We all get used to looking at Business Intelligence as a tool for strategic decisions mostly for top management. In looking at today’s business intelligence software market you will find a wide array of various types of dashboards, reporting tools, and KPI
monitoring tools to support decisioning at the top levels. We have also seen a few good BI applications for decisioning on the front lines, supporting such vital areas as Sales, Risk Management, Budgeting, and other functions. We can definitely say that a
Top-to-Bottom approach is actively developing over the time.
Well, that is natural for many reasons. Top managers make high-value decisions. At the same time, they are both budget holders and budget users which enable them to quickly grasp all possible benefits from business intelligence software usage, and then promote
the approach at the departmental level after the success is proven at the middle and upper management levels.
But what’s on the other hand?
Looking closer at the BI industry as a whole we can see that the very nature of such an approach prevents further business intelligence solutions development and potential. Following this “Top-Only” approach companies limit the possible effects from the
BI usage. In the majority of cases, it is unreasonable to build data transformation and forecasting models, as well as identify KPIs and support correct data collection, and ultimately supply reporting under constantly changing market conditions for use in
In practice, it is much wiser to develop tools which support the organization from the bottom up. Having a number of high-value but seldom supported BI generated strategic decisions, you would still take into account a large number of day-to-day operational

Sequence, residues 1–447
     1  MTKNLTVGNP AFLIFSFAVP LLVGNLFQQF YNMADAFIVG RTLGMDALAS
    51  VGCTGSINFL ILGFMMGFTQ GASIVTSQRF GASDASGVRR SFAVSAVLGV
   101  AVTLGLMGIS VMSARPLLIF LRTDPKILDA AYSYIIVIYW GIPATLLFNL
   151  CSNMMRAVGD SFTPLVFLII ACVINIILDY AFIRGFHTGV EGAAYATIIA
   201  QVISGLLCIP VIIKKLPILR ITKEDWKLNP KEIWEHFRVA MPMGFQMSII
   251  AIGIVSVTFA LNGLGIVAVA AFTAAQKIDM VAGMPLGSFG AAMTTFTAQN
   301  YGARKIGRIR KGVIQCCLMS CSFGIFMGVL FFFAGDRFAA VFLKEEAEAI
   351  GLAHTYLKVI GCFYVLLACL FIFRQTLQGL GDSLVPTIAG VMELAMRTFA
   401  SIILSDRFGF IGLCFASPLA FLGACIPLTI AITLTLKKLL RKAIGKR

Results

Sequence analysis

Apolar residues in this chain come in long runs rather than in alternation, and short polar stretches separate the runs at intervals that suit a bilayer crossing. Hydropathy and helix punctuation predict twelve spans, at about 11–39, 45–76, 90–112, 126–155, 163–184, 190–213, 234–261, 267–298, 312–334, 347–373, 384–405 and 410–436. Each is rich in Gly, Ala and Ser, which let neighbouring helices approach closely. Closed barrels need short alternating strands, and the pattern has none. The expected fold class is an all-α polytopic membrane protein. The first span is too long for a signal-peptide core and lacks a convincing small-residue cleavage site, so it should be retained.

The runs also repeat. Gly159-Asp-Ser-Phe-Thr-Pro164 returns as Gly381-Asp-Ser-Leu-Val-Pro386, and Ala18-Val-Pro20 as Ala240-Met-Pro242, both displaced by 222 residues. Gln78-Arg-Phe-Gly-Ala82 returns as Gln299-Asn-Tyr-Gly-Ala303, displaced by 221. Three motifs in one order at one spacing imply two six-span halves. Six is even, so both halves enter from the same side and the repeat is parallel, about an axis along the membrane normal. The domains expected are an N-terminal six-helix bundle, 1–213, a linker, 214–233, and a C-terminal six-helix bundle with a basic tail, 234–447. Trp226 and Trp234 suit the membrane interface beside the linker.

decisions that are necessary during the course of the organization’s regular activity. This would include aspects such as customer acquisition or cross-sale decisions, to name a few.
For these kinds of decisions an absolutely different approach should be applied. Instead of crafting a dashboard it is better to give a clerk a single figure – an easily understandable form linked to an action. For example: potential profit for a new customer
over the next 12 months divided into simple categories: “negative”, “low”, “normal”, “awesome”, with clear actions linked to every category: “reject”, “accept”, “assign to junior account manager” (or automated processing), “accept and offer better terms” (to
avoid loosing an awesome client to another vendor). Such an easily understandable system can save your organization the same millions as a strategic decision about entering a new market or changing pricing policy.
The Bottom-Up approach suggests identification of all operational decisions that can be made faster or more accurately using data we have about our customers and results of our operations.
Like in our personal life, when we tend to think that our decision about the next car defines our quality of life and happiness; underestimating every-day decisions, such as what time to wake up or what to choice to make for lunch; we shouldn’t forget that
these every-day decisions can make us much more successful and fulfilled than any new Jaguar.